Well, it may have to be breached temporarily, because the challenge demands it. This logic is abundant around the world today: I torture because a war justifies it. I spy on my citizens because terrorism, repulsive as it is, requires it.


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I kill others, because others will kill m e — and so it goes, on and on. The lie also pivots on this belief: I, as an individual know better, I see more clearly. I, or my kind, have been threatened — and the world, no matter what others will say, remains a continuing scramble for power and survival and I, along with those I belong to, must run with it to avoid being run over by it. I define myself narrowly as belonging to a nationality or religion, or an ideology, or race, or an ethnicity.

I attach myself stubbornly to one or maybe two of these points of reference, sometimes fed by a closed, narrow, historical narrative; but not to a broader humanity and its laws because they are only a mirage, ridiculous really.

The Holocaust: Does It Have Significance for Ethics Today

Survival explains my bigotry, my chauvinism and my inherent feeling of superiority — although I would never admit those feelings in public — but in the end I know the truth. If you believe this, you lie. You are lying. You are lying to yourself. Whether you are a child absorbing the bigotry oozing from within a home, from within a school or larger community, or a local political leader forming a political platform or a national leader already swept into office, if you believe this, you are lying because the truth is no less clear. If we have learnt anything from our collective history, it is this: scrambling only for ourselves, our people, our political or religious ideology, or for our own kind, will only scramble it all — eventually, sometimes horrifyingly so — for everyone.

If we are to fight, if we are to labour, we must then do so for every human being, and do so together. For humanity does exist; kindness exists, love, carrying no passport and unknowing of borders, does exist. By dint of experience, centuries of human cruelty, two world wars, the Holocaust, genocides and crimes against humanity aplenty, the laws have been written and fine-tuned.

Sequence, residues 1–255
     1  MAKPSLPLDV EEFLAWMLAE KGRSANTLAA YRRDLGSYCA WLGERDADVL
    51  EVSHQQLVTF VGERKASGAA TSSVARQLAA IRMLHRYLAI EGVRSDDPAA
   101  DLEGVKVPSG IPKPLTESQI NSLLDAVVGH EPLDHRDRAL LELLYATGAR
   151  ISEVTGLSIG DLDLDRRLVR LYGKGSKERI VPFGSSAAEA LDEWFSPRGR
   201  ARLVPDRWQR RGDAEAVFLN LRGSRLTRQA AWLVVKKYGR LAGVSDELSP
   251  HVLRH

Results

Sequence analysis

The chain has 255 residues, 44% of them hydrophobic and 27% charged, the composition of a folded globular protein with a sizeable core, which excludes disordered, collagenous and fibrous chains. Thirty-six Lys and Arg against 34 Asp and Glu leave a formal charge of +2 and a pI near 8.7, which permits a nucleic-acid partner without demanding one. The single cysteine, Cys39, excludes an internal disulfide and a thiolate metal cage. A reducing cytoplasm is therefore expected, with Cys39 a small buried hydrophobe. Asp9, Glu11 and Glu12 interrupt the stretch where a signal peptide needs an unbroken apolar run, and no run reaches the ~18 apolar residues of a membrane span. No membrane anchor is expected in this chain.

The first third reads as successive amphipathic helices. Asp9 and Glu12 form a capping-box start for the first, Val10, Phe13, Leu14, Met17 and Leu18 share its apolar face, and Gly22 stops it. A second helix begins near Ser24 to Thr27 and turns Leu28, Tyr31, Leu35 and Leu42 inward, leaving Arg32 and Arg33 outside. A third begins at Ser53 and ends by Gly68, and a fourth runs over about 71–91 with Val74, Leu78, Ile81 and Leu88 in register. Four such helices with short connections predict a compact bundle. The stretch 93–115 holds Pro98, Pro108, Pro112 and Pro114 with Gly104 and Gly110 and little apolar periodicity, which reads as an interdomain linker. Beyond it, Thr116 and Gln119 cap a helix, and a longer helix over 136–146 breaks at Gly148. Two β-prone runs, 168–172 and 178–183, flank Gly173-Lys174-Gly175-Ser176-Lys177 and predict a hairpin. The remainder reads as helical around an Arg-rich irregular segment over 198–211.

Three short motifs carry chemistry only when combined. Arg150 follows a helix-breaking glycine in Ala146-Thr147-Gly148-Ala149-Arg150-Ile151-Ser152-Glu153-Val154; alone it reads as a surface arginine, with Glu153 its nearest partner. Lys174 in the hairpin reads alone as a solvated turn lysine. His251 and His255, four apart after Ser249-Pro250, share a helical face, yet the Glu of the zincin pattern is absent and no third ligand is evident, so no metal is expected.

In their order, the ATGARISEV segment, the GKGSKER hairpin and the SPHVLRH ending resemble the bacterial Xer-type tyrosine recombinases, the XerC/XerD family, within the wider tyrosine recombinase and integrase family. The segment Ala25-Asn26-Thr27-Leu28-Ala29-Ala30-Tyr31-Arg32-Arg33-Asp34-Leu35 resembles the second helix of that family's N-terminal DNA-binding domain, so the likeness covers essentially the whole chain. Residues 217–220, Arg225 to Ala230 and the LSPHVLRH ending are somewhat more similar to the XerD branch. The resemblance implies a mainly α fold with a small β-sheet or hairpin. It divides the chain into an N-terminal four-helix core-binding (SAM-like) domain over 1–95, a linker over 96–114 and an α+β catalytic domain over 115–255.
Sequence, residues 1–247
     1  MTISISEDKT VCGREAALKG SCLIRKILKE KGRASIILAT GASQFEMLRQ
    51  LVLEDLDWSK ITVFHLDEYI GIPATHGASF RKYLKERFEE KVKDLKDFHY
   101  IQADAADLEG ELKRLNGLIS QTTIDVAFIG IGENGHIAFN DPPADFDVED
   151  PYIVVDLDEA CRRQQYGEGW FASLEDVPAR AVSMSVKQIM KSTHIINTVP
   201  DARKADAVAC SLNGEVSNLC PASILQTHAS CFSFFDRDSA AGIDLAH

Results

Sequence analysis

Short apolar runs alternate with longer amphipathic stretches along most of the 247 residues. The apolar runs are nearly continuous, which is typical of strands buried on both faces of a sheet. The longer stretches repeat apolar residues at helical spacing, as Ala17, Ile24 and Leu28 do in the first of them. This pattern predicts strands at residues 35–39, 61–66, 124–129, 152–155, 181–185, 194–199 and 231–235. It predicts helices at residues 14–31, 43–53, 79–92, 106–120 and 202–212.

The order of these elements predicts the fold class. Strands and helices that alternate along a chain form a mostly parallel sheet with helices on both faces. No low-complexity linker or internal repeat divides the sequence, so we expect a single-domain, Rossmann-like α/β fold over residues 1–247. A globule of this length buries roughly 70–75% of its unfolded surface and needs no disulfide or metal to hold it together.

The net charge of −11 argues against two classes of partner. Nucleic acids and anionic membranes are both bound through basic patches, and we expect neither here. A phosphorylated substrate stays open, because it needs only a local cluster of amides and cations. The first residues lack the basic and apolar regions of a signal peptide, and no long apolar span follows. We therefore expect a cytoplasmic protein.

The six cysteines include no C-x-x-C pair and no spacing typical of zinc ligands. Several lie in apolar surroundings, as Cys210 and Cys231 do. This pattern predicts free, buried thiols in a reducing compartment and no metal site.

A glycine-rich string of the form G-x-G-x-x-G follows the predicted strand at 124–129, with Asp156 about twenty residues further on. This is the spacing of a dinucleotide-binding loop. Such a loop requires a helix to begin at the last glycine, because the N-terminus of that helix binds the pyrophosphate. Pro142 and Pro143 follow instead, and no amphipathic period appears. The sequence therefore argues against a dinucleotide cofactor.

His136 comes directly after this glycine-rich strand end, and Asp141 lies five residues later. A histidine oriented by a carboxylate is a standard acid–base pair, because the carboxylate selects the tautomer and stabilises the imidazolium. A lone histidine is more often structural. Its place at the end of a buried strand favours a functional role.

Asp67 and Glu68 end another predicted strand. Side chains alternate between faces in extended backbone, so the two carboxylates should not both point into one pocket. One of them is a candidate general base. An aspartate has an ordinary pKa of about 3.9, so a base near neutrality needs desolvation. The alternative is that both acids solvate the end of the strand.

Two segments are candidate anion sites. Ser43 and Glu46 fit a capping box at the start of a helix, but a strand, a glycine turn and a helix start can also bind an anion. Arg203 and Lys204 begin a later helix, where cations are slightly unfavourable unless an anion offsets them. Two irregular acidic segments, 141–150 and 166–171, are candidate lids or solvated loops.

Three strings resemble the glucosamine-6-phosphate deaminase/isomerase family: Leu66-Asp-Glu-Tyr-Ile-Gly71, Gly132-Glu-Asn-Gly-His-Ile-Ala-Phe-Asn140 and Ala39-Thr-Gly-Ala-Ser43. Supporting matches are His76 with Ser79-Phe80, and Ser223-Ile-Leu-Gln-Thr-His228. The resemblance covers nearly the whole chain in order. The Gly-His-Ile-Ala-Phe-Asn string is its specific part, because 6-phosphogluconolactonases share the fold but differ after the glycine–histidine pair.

In the years after the Holocaust, specific treaties were negotiated to cement into law obligations to protect human rights. Countries the world over accepted them — and now alas, all too frequently, ignore them in practice. What we need so badly, Ladies and Gentlemen, is profound and inspiring leadership across the globe.

A leadership that will care less about reputations based on matters of protocol: who is invited to what summit, who is a member of which G-group of countries, whether a leader speaks first or second at a conference usually fussed over by a parade of media advisors. Instead, we need leadership that is concerned more about reputation based on whether the inalienable human rights and fundamental freedoms of their people, and all others, are defended and promoted.

And this includes all rights, political, civil, economic, social and cultural. We need leaders who will observe fully those laws and treaties drafted to end all discrimination, the privation of millions, and atrocity and excess in war, with no excuses entertained. Only then, can we help ourselves out of the present serious, seemingly inexhaustible, supply of crises that threatens to engulf us.

I am sure you all feel the same. Everyday, we are outraged by one piece of news after another! In fact, we must fast be reaching a state of permanent disgust. So too the probable acts of genocide perpetrated by the Takfiris against the Yazidis in Iraq — enslavement, raping and killing, including of children. These horrors are not limited just to the Middle East; Takfiri atrocities are also committed in Somalia, Nigeria and Pakistan and beyond. Some will say, therefore, what good are your treaties, your laws and human rights?

Well, just bombing them or choking off their financing has clearly not worked, as that has now long been tried, for these groups have only proliferated and grown in strength. What is needed is the addition of a different sort of battle-line, one waged principally by Muslim leaders and Muslim countries and based on ideas — on a reassertion of traditional Islam in the everyday narrative of Muslims. This has started. This allows one to place individual survivors and groups of victims within a wider context.